Soup? Art? The Quandary Thickens.
Talk about coming full circle. Beginning Sunday, most Target stores will be selling special-edition cans of Campbell’s Tomato Soup featuring colorful labels that evoke the work of Andy Warhol.
For Trudy the Bag Lady, the Lily Tomlin character who attempted to define the difference between soup and art, life has just gotten considerably more complicated.
Warhol’s now-iconic paintings of Campbell’s soup cans in the 1960s brought the imagery of mass marketing into museums and art galleries. They were, on one level, a critique of our consumer culture, but a sly one: Warhol wasn’t condemning the advertising imagery that was all around us, but he was insisting we pay attention to it.
As Neil Gabler put it in his thoughtful 1998 book Life: The Movie, Warhol struck a “deep cultural chord” by “acknowledging that popular culture had prevailed over high culture, and that its junk, which was the subject of his paintings, now occupied the resonant center of American life.”
So what does it say that a mass-market company (which, according to its in-house historian, had a surprisingly cordial relationship with Warhol) is bringing visual flair to the canned-food aisle? Has the difference between the Tate Modern and the Target Midtown been completely obliterated?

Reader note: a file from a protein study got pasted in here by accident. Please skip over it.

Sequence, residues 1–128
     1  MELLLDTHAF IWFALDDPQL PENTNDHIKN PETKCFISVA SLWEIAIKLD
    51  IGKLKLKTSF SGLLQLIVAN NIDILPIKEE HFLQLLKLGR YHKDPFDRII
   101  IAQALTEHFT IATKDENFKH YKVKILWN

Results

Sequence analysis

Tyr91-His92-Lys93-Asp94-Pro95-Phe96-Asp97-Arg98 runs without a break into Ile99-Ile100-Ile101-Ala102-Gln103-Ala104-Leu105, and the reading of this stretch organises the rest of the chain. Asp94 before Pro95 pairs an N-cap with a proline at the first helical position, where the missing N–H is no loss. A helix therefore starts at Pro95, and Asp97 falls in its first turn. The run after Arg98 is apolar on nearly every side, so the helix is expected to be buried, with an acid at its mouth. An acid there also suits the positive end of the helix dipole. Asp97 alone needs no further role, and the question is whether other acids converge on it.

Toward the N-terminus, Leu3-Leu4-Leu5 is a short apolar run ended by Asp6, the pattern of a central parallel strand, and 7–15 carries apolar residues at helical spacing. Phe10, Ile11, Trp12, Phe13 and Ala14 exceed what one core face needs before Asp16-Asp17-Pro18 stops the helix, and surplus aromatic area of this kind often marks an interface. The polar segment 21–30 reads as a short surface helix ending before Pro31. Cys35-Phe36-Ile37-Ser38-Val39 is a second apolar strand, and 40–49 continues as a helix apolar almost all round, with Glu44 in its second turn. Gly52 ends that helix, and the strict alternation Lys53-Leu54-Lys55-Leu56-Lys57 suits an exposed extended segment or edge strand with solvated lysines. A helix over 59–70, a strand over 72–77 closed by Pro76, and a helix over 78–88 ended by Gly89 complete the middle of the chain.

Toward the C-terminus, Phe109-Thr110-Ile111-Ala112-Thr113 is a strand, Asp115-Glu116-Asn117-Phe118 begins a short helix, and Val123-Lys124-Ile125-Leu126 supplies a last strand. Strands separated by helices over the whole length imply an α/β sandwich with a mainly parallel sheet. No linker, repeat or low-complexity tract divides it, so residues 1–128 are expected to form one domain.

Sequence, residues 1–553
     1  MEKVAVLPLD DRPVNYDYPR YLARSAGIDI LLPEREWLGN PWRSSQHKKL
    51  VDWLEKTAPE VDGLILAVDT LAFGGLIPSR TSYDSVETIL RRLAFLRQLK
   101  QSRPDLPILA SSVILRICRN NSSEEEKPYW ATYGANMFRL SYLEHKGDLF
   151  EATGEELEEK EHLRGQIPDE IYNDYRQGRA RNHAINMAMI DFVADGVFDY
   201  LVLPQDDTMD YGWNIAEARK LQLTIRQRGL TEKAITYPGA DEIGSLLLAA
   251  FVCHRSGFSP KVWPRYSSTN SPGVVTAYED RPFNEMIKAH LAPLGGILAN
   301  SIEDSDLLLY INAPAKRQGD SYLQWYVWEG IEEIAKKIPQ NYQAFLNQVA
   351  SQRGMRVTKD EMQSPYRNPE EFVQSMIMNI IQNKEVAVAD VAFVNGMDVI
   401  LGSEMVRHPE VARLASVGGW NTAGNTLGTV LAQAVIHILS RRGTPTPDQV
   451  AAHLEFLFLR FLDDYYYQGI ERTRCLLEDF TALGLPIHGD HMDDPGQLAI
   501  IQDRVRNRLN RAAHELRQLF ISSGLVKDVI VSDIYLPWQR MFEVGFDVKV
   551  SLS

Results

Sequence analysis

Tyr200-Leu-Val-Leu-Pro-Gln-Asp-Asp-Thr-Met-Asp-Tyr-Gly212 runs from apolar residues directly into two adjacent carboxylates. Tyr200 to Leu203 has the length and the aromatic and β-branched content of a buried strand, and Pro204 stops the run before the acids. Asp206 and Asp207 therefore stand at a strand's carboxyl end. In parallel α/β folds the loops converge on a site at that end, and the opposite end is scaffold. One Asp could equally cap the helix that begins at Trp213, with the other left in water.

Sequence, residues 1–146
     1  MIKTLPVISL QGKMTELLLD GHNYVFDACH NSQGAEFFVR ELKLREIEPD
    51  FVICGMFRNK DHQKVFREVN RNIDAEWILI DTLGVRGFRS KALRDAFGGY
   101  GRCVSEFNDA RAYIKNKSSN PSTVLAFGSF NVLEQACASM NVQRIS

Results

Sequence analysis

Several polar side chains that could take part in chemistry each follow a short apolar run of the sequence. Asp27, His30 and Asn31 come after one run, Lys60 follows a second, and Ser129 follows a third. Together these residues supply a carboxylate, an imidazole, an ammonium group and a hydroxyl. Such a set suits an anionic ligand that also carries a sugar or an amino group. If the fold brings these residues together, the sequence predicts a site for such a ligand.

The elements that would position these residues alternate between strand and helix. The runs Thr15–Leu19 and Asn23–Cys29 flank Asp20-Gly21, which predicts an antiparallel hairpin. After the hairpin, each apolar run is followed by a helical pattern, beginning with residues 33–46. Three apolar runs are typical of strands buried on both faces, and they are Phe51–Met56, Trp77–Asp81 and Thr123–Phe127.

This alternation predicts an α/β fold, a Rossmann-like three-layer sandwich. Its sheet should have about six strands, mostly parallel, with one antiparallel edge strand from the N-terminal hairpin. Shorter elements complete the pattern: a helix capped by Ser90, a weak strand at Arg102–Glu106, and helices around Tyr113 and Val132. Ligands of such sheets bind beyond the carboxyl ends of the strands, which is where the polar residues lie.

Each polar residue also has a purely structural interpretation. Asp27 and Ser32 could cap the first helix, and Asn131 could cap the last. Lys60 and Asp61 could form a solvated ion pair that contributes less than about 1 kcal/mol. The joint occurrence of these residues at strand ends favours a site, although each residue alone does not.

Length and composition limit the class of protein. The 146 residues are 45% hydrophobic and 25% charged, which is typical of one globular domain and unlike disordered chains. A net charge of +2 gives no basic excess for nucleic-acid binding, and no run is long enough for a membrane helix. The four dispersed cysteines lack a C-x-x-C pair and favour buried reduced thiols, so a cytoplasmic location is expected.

Some intriguing answers can be found in a 2006 essay on “the aestheticization of consumption,” published in the journal Marketing Theory (a must-read for all fans of modern art). Isabelle Szmigin of the Birmingham Business School argues that the post-Warhol era has seen a “convergence of art and consumption” in which “so-called high art and graphic design can be melded in new and innovative ways, acceptable to the market and willingly integrated into it.”
She goes on to note that shopping, for many people, is increasingly an aesthetic experience rather than a practical task. Choosing between going to the museum and the mall isn’t so clear-cut if, in either event, most of your time will be spent gazing at objects you find attractive and interesting. Sure, at the mall you can purchase something particularly pretty—but you can also do that at the museum store.
“When shopping is used to hold boredom at bay, it loses its purposiveness and acquires an aesthetic dimension,” Szmigin writes. “Like a beautiful work of art, shopping in this mode can be said to have no end other than itself. As such, the circle has come around, the work of art is as much a commodity as a pair of shoes, and the pair of shoes can embody an aesthetic dimension as much as the work of art.”
All of which brings up a question: When purchasers bring home the Warhol-inspired soup cans, will they open them and have a bowl of soup? Doing so, after all, will destroy the design, which was the inspiration behind the purchase. Does actual hunger trump our hunger for beauty? Ponder that, Trudy, and get back to us.